IPO activity on the London Stock Exchange all but ceased in the first quarter of 2001, according to professional services firm KPMG. The statistics show that just three companies made it to market, underlining the lack of exits available to the investment community.
“The IPO market is dead,” said Neil Austin, head of new issues at KPMG corporate finance. “This is the lowest level of activity we have seen for a decade and there is no evidence of a pick up.”
However, the statistics also show that the flow of investment trusts and venture capital trusts (VCTs) onto the market has not been affected by market sentiment in the same way. The first quarter of 2001 saw 12 investment trusts and VCTs join the market, only three less than in the previous quarter.
One possible reason for this is the coming end of the financial year. The months leading up to April traditionally see a lot of VCT activity in particular as investors scramble to protect their capital gains from the taxman. “VCTs are a tax vehicule created by the Inland Revenue,” said Irene Redman, a spokeswoman for investment firm Seymour Pierce. “And when do people usually sort out their taxes? At the last minute, so there is usually an increased flurry of activity.”
Many VCTs float on London’s Alternative Investment Market (AIM) for smaller companies. “AIM floats have not fallen by so much,” said Austin. “Certainly VCTs tend to see a lot of activity at the end of the tax year. Of course you don't necessarily have to deal with your capital gains at the end of the tax year, but for income tax purposes you do.”
The issue here is whether investment trust and VCT flotations will dry up in the same way as IPOs after April 5. “You can’t compare IPOs and VCTs. It’s like comparing a vegetable and a fruit – both go bad, but they are not the same thing,” said Redman. However, she agreed that VCT activity would fall away. “Some people deal with their capital gains as soon as they receive them, but in general, VCTs will not see as much activity.”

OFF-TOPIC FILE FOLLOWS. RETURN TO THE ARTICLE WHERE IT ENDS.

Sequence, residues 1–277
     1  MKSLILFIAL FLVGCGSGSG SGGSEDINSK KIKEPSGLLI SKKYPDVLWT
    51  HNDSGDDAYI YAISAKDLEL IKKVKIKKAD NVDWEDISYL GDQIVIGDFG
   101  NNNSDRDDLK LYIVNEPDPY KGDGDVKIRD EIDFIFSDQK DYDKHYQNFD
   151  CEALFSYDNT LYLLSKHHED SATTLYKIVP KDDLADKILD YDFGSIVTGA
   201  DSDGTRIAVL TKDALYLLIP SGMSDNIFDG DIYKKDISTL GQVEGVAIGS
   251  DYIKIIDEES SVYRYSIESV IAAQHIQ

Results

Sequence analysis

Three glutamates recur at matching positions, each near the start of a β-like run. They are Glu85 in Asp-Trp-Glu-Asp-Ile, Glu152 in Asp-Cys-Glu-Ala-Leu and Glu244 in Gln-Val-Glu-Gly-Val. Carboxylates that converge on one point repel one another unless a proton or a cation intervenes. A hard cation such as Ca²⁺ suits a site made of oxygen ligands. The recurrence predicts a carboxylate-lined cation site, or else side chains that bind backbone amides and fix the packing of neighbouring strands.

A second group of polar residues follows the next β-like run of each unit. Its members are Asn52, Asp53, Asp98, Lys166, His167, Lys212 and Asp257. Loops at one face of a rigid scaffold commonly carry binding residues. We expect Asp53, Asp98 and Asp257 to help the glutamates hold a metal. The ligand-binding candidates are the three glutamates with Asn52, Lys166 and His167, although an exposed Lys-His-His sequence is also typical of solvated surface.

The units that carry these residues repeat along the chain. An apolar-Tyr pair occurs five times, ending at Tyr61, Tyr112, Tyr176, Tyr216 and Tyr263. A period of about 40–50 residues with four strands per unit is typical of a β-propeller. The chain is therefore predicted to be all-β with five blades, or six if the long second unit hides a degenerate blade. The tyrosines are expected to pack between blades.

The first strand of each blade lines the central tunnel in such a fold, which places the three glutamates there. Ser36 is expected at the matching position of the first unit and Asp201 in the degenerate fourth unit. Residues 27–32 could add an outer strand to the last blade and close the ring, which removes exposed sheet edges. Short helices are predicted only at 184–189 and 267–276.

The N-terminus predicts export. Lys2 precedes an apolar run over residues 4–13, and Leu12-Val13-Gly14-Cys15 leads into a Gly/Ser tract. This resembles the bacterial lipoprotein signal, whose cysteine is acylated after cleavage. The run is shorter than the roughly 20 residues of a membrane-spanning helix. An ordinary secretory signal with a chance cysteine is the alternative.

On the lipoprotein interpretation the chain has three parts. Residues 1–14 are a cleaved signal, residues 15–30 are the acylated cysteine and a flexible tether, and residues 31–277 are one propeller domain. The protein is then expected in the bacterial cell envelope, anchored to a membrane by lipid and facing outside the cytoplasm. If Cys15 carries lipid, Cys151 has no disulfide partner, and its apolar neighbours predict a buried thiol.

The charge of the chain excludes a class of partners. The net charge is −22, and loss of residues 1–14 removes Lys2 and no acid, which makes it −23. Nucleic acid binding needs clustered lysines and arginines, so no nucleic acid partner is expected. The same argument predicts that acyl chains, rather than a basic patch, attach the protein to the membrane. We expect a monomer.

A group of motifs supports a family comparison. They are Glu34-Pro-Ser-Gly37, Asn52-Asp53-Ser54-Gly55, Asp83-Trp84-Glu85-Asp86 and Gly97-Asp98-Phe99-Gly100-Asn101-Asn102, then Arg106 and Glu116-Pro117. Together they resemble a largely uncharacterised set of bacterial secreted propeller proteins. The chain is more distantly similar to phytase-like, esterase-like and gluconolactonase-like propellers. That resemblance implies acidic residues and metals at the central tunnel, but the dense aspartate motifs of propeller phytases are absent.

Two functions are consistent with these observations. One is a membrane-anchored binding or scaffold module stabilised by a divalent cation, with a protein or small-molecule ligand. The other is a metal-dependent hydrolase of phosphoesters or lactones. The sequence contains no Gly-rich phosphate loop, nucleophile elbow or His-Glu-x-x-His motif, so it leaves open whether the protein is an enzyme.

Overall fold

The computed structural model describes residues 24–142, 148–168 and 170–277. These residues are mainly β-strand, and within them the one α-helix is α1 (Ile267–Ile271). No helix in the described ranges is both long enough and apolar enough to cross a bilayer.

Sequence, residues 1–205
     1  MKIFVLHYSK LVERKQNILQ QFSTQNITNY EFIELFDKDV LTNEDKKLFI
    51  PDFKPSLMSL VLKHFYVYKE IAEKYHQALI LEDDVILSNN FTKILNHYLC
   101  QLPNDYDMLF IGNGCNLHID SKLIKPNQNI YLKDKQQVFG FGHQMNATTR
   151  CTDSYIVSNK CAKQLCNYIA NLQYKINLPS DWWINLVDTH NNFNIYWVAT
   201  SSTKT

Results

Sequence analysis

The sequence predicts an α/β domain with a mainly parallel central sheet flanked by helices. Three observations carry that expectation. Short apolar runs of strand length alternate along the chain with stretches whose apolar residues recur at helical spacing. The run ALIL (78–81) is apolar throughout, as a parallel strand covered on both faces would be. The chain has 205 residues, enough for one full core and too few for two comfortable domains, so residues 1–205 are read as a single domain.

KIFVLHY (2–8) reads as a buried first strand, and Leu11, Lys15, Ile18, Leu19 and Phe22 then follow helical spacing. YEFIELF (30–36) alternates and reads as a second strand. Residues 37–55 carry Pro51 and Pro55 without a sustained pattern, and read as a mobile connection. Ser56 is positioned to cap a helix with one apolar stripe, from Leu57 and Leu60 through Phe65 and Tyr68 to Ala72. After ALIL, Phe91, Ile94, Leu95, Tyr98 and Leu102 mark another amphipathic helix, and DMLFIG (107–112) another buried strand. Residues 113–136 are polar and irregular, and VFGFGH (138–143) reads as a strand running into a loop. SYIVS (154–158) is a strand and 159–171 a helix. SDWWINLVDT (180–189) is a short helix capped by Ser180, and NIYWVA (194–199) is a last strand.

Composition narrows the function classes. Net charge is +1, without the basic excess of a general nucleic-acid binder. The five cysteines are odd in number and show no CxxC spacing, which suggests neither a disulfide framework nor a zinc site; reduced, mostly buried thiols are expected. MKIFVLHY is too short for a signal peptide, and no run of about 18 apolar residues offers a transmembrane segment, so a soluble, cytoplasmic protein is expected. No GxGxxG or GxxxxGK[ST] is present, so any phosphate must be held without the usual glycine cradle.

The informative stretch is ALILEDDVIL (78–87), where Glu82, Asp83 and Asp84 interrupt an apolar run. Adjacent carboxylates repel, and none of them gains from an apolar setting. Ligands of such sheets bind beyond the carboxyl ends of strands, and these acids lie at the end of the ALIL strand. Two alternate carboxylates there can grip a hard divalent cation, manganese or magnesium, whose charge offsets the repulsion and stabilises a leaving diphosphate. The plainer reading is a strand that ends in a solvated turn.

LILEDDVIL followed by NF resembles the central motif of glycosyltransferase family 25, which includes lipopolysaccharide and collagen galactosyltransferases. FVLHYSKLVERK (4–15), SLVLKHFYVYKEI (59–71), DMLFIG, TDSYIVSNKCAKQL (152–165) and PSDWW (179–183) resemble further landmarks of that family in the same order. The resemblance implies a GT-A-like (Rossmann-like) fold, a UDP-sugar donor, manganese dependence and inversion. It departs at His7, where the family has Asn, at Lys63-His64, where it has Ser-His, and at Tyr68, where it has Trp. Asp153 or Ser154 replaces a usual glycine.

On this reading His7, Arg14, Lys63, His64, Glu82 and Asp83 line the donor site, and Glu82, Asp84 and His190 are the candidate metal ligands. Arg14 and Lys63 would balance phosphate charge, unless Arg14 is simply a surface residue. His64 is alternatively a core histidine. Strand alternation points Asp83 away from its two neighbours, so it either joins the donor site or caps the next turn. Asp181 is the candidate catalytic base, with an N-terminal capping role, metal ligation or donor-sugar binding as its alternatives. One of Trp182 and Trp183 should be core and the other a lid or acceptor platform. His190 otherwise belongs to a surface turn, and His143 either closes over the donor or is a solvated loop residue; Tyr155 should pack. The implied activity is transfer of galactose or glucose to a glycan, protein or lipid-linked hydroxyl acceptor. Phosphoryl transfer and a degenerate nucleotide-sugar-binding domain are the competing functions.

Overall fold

“Investment trusts tend to keep going,” said Austin. “But if they are to be successful they need to get the subscriptions. One or two trusts have been pulled because they couldn’t raise the money. It's natural that during a turbulent time investors are less keen to buy financial products.” Seymour Pierce and Harvest both withdrew VCTs in March owing to negative market sentiment.
The three companies to have completed a diffiult UK listing are France Telecom-owned mobile operator Orange, which raised £3.99bn; café chain Caffe Nero, which raised £9m; and recruitment agency Michael Page, which raised £536m. Together, these issues come to just £4.53bn.
KPMG sees a similar picture across Europe, citing very few IPOs in key markets such as Germany, France (which, like the UK, was dominated by the Orange float), Italy, Denmark, Switzerland and Sweden and none in the rest of Europe. This quarter a total of some E9bn was raised throughout Europe -only a third of the money raised in the same period last year.
The contrast with the previous quarter, last year’s busiest, could not be greater. During that period, 31 companies joined the London Stock Exchange, although activity did tail off by December, indicating that the market was slowing.
KPMG’s Austin does not see more IPOs happening anytime soon. “No-one is yet able to call the bottom of the slump and restore the degree of comfort needed to encourage institutions to get their cheque books out,” he said.
“It is difficult to predict how the year will progress,” continued Austin. “Looking at data for the last five years IPO levels have not borne any particular correlation with the direction of the market. Whilst it is fair to say that the market never remains closed for long, the killer is uncertainty and we are unlikely to see any resurgence in activity while confidence is low.”